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Frederick H. Dyer, Compendium of the War of the Rebellion: Regimental Histories 338 338 Browse Search
Horace Greeley, The American Conflict: A History of the Great Rebellion in the United States of America, 1860-65: its Causes, Incidents, and Results: Intended to exhibit especially its moral and political phases with the drift and progress of American opinion respecting human slavery from 1776 to the close of the War for the Union. Volume II. 13 13 Browse Search
Rebellion Record: a Diary of American Events: Documents and Narratives, Volume 11. (ed. Frank Moore) 13 13 Browse Search
William Tecumseh Sherman, Memoirs of General William T. Sherman . 12 12 Browse Search
Rebellion Record: a Diary of American Events, Diary from December 17, 1860 - April 30, 1864 (ed. Frank Moore) 12 12 Browse Search
Southern Historical Society Papers, Volume 22. (ed. Reverend J. William Jones) 12 12 Browse Search
Isaac O. Best, History of the 121st New York State Infantry 10 10 Browse Search
Harper's Encyclopedia of United States History (ed. Benson Lossing) 9 9 Browse Search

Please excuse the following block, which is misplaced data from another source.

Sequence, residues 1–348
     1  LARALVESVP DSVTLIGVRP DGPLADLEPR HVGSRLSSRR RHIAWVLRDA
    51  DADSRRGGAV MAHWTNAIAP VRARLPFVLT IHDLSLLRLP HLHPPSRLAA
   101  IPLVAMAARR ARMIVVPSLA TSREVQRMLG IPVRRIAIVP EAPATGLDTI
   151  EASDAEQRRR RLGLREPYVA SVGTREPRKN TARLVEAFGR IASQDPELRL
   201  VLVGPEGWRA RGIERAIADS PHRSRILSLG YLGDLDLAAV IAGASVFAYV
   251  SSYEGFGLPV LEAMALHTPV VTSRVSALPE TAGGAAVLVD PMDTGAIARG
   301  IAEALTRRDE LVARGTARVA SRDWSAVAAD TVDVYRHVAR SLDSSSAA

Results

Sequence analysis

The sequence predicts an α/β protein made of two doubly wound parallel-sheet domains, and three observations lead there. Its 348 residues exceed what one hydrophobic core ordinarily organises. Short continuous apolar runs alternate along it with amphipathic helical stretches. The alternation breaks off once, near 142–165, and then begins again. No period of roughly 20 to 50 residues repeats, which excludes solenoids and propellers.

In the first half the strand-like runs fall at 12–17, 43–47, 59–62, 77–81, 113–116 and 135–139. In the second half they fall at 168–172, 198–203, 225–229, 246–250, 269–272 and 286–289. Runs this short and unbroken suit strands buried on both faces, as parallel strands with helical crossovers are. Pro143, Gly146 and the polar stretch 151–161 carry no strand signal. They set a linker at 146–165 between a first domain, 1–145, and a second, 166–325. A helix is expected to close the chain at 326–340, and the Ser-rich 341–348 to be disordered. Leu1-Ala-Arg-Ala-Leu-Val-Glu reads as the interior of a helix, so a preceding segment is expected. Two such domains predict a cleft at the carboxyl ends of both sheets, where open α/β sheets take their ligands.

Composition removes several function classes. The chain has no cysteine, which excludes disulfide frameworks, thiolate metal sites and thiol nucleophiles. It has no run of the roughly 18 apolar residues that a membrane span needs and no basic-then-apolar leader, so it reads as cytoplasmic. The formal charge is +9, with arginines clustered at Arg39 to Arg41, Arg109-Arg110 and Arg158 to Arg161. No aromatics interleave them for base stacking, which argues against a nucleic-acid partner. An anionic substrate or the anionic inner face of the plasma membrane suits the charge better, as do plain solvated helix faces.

Official Records of the Union and Confederate Armies, Chapter XXII: Operations in Kentucky, Tennessee, North Mississippi, North Alabama, and Southwest Virginia. March 4-June 10, 1862. (ed. Lieut. Col. Robert N. Scott) 8 8 Browse Search
Thomas Wentworth Higginson, Massachusetts in the Army and Navy during the war of 1861-1865, vol. 2 6 6 Browse Search
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Browsing named entities in Rebellion Record: a Diary of American Events: Documents and Narratives, Volume 8. (ed. Frank Moore). You can also browse the collection for April 10th or search for April 10th in all documents.

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General Forrest made a cavalry raid on the Nashville and Columbia Railroad, burning the bridge and capturing Colonel Bloodgood's command at Brentwood. General Green Clay Smith, arriving opportunely with about six hundred cavalry, attacked the enemy in the rear, and recovered a large portion of the property captured at Brentwood, pursuing the rebels to the Little Harpeth, where they were reenforced. His loss in this attack was four killed, nineteen wounded, and forty missing. On the tenth of April, a guerilla force attacked a train near Lavergne, guarded by forty men. The cars were destroyed, and nearly half of the guard killed and wounded. At the same time Van Dorn, with a large mounted force, attacked Franklin, but was repulsed by Major-General Granger, with a loss of nineteen killed, thirty-five wounded left on the field, and forty-eight prisoners. Major-General Joseph J. Reynolds made a raid upon the Manchester and McMinnville Railroad, destroying depots, rolling-stock, suppl